Tuesday, 26 February 2013

A clarification on my opinions of vehicular cycling

I would just like to add to my blog post, I am not entirely against Vehicular Cycling.

It is a good mechanism for coping with the conditions we are faced with.

But it is not a panacea.

It has not enabled the mass uptake of cycling. It works for those people confident and dare I say, brave enough to share the road with motorised traffic.

But it shouldn't get in the way of demanding better.

Like car manufacturers shouldn't give up trying to make cars safer still, even though some clever so and so invented seat belts or air bags. It has its place in helping the 2% who use our roads do so more safely. But this is not enough.

We shouldn't be asking people like me (or probably you) what we need to do to get people out on the road. We should be asking the 98% who aren't out there cycling.

If Vehicular Cycling was the solution, then in Trafford where I reside you wouldn't be able to move around secondary schools for the amount of bikes. All year 6 pupils before they leave primary, get Bikeability training. So why aren't they continuing to cycle?

Probably the same reasons friends of mine who are confident capable club cyclists gave.

1 comment:

  1. I was a pupil at a Trafford secondary school in the 1970s, the now demolished Urmston Grammar School for boys on Bradfield Road.

    I'd say about a third of the boys cycled to school. There was a large bike shed which was full every day.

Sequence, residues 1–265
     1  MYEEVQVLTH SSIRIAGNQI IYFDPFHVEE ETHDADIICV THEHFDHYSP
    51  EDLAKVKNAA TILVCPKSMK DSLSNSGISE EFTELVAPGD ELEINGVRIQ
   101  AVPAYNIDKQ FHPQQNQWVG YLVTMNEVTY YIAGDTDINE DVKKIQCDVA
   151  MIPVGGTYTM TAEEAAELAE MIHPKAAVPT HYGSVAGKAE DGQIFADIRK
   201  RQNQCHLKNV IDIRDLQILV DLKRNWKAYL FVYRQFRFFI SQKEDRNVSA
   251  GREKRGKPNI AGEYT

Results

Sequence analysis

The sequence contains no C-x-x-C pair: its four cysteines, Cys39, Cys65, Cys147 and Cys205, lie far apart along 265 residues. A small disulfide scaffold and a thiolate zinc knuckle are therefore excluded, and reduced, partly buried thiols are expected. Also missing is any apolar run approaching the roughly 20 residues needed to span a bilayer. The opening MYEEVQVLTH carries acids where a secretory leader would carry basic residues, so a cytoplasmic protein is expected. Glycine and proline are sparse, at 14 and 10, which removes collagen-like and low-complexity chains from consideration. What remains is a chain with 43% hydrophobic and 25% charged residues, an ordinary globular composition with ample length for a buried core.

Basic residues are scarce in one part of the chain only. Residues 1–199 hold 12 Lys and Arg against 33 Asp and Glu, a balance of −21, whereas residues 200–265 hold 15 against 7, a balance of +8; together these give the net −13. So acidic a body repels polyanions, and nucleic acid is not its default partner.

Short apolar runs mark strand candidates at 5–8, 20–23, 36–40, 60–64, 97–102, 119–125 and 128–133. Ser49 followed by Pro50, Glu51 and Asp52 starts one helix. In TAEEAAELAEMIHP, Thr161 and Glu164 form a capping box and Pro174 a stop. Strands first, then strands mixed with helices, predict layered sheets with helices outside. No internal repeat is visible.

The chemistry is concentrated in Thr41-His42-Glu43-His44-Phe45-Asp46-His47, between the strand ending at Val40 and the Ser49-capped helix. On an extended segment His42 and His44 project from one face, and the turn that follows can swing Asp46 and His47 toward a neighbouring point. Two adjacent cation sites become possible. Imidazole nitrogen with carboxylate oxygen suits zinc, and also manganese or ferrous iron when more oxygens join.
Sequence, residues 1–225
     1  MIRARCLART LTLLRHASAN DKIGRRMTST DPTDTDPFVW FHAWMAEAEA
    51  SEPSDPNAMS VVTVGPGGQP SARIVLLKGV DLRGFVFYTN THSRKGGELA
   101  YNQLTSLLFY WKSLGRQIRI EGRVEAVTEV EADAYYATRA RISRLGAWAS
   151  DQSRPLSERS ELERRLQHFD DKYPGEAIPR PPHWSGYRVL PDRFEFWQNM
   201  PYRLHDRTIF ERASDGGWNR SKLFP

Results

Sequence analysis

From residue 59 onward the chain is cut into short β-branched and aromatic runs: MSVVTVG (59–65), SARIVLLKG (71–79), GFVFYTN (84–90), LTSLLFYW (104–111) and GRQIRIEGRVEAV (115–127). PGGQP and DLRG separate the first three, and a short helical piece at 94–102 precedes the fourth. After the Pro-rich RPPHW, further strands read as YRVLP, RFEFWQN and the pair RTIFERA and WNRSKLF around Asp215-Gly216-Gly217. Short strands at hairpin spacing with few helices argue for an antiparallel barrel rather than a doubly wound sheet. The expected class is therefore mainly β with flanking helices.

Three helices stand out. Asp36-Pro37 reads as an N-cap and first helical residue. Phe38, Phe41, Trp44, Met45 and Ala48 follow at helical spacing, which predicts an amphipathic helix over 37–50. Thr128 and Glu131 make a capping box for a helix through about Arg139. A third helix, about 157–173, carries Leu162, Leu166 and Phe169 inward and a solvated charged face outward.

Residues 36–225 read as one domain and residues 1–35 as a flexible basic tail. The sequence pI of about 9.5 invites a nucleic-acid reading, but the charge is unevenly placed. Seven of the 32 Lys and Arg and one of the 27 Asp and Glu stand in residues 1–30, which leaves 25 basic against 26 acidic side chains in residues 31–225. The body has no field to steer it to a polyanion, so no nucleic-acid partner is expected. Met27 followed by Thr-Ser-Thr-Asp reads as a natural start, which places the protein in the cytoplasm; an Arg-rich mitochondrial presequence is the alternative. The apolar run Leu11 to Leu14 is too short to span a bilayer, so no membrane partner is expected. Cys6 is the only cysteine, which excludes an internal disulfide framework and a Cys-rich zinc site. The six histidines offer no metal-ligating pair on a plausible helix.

At my junior school the playground walls were lined with bikes two deep. None of the teachers had a car and quite a few cycled to school, including the not so young headmaster who retired on my last day at the school.

    The reason why vehicular cycling declined drastically from the 50s to its present low level is quite simple. As soon as most people could afford a car they got one, and they used it all the time even for the shortest trips.

    On my Urmston street household car ownerhip went from a low level when I was a small boy at infant school to 100% when I finally left after finishing university at 21. And during that relatively short time cycling plummeted from a fairly normal, everyday activity for many men, women and children to something regarded as almost an eccentric habit.

    Initiatives to increase vehicular cycling are doomed to failure. The only way it will increase to any significant degree is if car ownership again becomes too expensive for most people.

    Until then vehicular cycling will mainly be the preserve of a few well educated, independent minded and affluent people, usually men.